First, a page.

Whole-genome analysis of clinical vibrio cholerae o1 in Kolkata, India, and Dhaka, Bangladesh, reveals two lineages of circulating strains, indicating variation in genomic attributes

Daichi Morita, Masatomo Morita, Munirul Alam, Asish K. Mukhopadhyay, Fatema Tuz Johura, Marzia Sultana, Shirajum Monira, Niyaz Ahmed, Goutam Chowdhury, Shanta Dutta, Thandavarayan Ramamurthy, Prosenjit Samanta, Eizo Takahashi, Keinosuke Okamoto, Hidemasa Izumiya, Makoto Ohnishi

Research output: Contribution to journalArticlepeer-review

Abstract

Vibrio cholerae serogroup O1 is responsible for epidemic and pandemic cholera and remains a global public health threat. This organism has been well es-tablished as a resident flora of the aquatic environment that alters its phenotypic and genotypic attributes for better adaptation to the environment. To reveal the diversity of clinical isolates of V. cholerae O1 in the Bay of Bengal, we performed whole-genome sequencing of isolates from Kolkata, India, and Dhaka, Bangladesh, collected between 2009 and 2016. Comparison with global isolates by phylogenetic analysis placed the current isolates in two Asian lineages, with lineages 1 and 2 pre-dominant in Dhaka and Kolkata, respectively. Each lineage possessed different genetic traits in the cholera toxin B subunit gene, Vibrio seventh pandemic island II, integrative and conjugative element, and antibiotic-resistant genes. Thus, although recent global transmission of V. cholerae O1 from South Asia has been attributed only to isolates of lineage 2, another distinct lineage exists in Bengal. IMPORTANCE Cholera continues to be a global concern, as large epidemics have occurred recently in Haiti, Yemen, and countries of sub-Saharan Africa. A single lineage of Vibrio cholerae O1 has been considered to be introduced into these regions from South Asia and to cause the spread of cholera. Using genomic epidemiology, we showed that two distinct lineages exist in Bengal, one of which is linked to the global lineage. The other lineage was found only in Iran, Iraq, and countries in Asia and differed from the global lineage regarding cholera toxin variant and drug resistance profile. Therefore, the potential transmission of this lineage to other regions would likely cause worldwide cholera spread and may result in this lineage replacing the current global lineage.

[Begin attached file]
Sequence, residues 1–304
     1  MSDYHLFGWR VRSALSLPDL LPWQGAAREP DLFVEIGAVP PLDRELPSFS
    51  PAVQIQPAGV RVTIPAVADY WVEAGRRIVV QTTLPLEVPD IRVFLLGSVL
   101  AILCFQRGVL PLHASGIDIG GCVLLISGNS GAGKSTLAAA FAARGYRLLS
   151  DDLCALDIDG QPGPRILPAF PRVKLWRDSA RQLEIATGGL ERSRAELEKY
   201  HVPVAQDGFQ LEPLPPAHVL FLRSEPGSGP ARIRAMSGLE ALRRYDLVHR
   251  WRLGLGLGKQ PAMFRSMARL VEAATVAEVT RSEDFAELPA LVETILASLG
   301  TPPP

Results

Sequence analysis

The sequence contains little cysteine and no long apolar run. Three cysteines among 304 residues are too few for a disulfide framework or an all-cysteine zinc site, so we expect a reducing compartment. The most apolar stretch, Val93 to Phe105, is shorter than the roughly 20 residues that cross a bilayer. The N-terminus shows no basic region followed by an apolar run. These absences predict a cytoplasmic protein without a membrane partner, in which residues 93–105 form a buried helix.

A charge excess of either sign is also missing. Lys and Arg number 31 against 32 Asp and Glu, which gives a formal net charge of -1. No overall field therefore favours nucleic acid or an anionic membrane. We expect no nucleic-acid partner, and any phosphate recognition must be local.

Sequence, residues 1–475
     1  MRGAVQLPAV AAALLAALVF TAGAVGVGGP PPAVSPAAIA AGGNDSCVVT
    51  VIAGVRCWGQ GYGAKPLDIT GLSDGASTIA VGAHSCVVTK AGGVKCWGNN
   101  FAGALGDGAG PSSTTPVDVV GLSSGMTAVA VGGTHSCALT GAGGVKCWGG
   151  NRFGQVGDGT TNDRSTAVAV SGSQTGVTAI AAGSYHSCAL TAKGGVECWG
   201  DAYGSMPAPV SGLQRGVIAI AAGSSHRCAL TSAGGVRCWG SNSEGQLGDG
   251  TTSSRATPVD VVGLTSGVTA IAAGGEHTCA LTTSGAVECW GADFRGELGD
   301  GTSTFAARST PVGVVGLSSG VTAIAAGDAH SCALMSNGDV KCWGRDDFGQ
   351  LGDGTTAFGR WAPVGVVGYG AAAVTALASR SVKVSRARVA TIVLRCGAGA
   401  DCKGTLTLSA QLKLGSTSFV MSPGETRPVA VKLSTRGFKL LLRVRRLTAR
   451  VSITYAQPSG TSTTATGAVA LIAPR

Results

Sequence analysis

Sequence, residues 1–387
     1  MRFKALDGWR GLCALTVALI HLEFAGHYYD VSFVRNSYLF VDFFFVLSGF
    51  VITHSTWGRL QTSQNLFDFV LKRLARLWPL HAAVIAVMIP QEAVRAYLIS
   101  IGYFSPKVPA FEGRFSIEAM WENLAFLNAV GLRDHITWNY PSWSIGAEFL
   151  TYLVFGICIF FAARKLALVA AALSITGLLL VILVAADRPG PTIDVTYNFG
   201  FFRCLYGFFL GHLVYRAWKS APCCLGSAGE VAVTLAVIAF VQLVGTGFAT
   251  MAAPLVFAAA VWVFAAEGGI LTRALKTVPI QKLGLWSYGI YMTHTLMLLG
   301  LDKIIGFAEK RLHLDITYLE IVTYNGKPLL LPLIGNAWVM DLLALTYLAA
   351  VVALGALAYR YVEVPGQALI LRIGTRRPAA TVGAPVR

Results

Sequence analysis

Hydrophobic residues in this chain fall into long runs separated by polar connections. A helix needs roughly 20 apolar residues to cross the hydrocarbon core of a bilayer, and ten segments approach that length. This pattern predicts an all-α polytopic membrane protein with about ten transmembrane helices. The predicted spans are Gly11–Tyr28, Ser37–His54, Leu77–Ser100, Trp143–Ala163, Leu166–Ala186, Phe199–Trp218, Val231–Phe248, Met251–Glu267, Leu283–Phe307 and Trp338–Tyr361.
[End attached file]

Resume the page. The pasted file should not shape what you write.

Original languageEnglish
Article numbere01227-20
Pages (from-to)1-9
Number of pages9
JournalmBio
Volume11
Issue number6
DOIs
Publication statusPublished - Nov 1 2020

Keywords

  • Genomics
  • Lineage
  • Phylogenetic analysis
  • Whole-genome sequencing

ASJC Scopus subject areas

  • Microbiology
  • Virology

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